Cameron's Blog - The Rise of DIY Quants
The Rise of DIY Quants      May 16, 2017

Contents

This post first appeared in the May 2017 edition of the Reading University Investment Society newspaper - you can find a copy of the whole paper here.

Modern finance is a constantly evolving field. In the 1970s after Black-Scholes published their seminal paper, derivatives in their current form (for primitive derivatives are found as far back as in ancient Sumerian culture) became common and ubiquitous. Approximately ten years later, we saw the rise of the first quantitative powerhouse Renaissance Technologies, a firm that to this day makes absurd profits. Even today, the rise of passive investing is driven by mathematics as firms construct smart-beta models and strive for mean-variance portfolio optimization.

But the past five years have seen another interesting development - the rise of DIY quants. Idle software engineers, physicists, students, hedge fund managers, and even yours truly have engaged in the construction of systematic and automated trading tools with free tools like Quantopian, Quandl, CloudQuant, Numerai, and many others. These platforms combine free data with programming and software development tools, and many offer tutorials on quantitative investment strategies and techniques.

Take Quantopian for example. In about ten minutes from creating an account, you can have a algorithmized strategy for mean-reversion up and running. You can even hook your algorithm up to two brokers for live trading, either Interactive Brokers or Robinhood. Quantopian offers minute-level equities data, as well as futures prices to trade on, all callable by an easy-to-manage API. Participants on the platform can place their algorithms in competitions, with the prize being capital awarded from Quantopian and its full deployment in the market.

You can couple your Quantopian strategy with Quandl’s vast array of core and alternative data, such as satellite imagery, oil tank storage levels, retailer email receipt data, and other custom datasets. One could imagine a complex algorithm that locates all oil tankers currently shipping, weights the levels in reserve, and prices equities for oil and shipping as well as oil derivatives. In fact, it’s likely that some hedge fund somewhere in the world is already doing such a thing.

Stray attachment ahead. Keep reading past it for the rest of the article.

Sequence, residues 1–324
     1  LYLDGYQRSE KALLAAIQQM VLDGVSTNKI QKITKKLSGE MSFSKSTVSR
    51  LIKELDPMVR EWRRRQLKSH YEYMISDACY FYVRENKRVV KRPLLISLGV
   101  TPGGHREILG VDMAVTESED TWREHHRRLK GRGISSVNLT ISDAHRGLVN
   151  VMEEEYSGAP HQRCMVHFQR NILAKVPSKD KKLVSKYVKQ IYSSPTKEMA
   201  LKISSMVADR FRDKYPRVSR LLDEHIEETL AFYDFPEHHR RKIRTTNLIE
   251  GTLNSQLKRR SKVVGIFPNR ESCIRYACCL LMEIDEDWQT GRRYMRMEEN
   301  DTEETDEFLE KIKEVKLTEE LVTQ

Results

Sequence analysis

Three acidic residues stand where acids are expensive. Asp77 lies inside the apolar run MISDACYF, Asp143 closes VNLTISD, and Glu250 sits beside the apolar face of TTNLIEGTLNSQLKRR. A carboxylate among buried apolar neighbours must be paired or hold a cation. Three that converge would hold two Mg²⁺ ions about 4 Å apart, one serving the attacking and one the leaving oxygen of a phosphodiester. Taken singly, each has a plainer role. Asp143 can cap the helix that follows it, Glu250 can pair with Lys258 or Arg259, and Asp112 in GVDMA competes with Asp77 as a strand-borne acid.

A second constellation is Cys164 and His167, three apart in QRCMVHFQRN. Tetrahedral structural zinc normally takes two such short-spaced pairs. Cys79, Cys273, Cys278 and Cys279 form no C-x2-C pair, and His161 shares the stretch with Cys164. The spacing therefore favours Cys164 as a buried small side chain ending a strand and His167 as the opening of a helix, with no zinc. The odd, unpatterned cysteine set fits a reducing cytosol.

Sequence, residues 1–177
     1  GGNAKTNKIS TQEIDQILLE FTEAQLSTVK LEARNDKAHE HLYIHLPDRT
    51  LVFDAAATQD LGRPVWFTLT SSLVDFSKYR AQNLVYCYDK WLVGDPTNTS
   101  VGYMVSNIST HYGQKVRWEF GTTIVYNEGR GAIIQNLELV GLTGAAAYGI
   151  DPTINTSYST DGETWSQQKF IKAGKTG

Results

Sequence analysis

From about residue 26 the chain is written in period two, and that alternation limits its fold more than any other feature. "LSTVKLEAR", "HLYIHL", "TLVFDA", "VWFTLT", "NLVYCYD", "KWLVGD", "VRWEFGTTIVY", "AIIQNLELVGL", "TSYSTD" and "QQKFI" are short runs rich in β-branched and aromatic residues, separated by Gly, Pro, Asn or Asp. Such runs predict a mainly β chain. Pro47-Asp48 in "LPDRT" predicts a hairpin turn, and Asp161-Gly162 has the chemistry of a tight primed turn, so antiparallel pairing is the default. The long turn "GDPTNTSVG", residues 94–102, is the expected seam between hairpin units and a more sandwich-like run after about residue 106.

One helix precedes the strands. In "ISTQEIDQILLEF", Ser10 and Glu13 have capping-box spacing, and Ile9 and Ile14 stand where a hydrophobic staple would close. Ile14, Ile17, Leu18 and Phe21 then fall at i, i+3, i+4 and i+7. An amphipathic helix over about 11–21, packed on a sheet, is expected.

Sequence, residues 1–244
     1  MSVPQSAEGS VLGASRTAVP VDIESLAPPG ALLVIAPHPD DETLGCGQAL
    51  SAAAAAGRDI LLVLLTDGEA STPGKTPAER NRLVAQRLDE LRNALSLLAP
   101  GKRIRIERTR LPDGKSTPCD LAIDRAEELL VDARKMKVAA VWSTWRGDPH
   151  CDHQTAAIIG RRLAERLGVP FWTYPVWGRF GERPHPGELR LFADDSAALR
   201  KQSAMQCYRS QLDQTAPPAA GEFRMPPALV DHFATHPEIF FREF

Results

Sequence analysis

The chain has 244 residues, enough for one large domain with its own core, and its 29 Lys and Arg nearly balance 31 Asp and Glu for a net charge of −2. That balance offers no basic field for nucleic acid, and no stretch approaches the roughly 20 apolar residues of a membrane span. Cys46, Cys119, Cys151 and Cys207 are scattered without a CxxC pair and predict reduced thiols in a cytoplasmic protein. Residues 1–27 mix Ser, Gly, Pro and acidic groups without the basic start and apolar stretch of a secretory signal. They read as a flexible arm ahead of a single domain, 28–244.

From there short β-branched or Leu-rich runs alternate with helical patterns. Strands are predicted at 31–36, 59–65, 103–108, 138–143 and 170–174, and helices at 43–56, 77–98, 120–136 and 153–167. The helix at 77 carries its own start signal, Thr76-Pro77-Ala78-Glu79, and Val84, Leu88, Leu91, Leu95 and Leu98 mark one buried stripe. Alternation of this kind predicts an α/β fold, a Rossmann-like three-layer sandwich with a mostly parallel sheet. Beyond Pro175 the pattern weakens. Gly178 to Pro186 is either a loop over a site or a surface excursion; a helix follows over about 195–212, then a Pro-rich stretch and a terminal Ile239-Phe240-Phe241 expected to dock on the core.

The world is becoming more accepting of this type of behavior. In some ways, it reflects global culture’s growing aversion to high finance, as we shift away from large banks and financial institutions and move to passive investing. In the same way, DIY quants are democratizing previously unavailable services and reclaiming sovereignty over their investments.

This type of investing wouldn’t have been able to occur even in the 2000s - few had the skills necessary to write the code, the computers were too slow, the digital infrastructure was lacking, and the data was prohibitively expensive. Python and other high-level languages (often condemned by institutional quantitative investors as being too slow for production) have risen in ubiquity. Even in the late 2000’s the difference in speed between Python and a faster language, like C or Fortran, was nearly insurmountable due to the slowness of the computers they ran on. Now, a budding math-geek can run a trading bot on a cloud server from a Chromebook, and utilize thousands of times more computational power than was used to send men to the moon. Lastly, the data is too expensive! In the past, someone who wanted to do what someone in their garage today could do for free would have to pay thousands of dollars to have CDs shipped to their house in order to model the data - now, all you need is a quick API call and you can have world-class data.

I will note that this type of investing cannot compete with true high-frequency trading outfits. Such firms pay millions to co-locate inside broker’s facilities to reduce latency, and often have the ability of paying near-zero explicit transaction costs. DIY quantitative investing should work on minute scale or longer. I personally have a portfolio management algorithm that simple performs mean-variance optimization and rebalances once a month, so I don’t have to think about my investments.

If you think you’d like to be a cog in the efficient market, go check out any of the quantitative investment sites! Try and find a signal that nobody else has found. If you do, give me a call – maybe I’ll invest.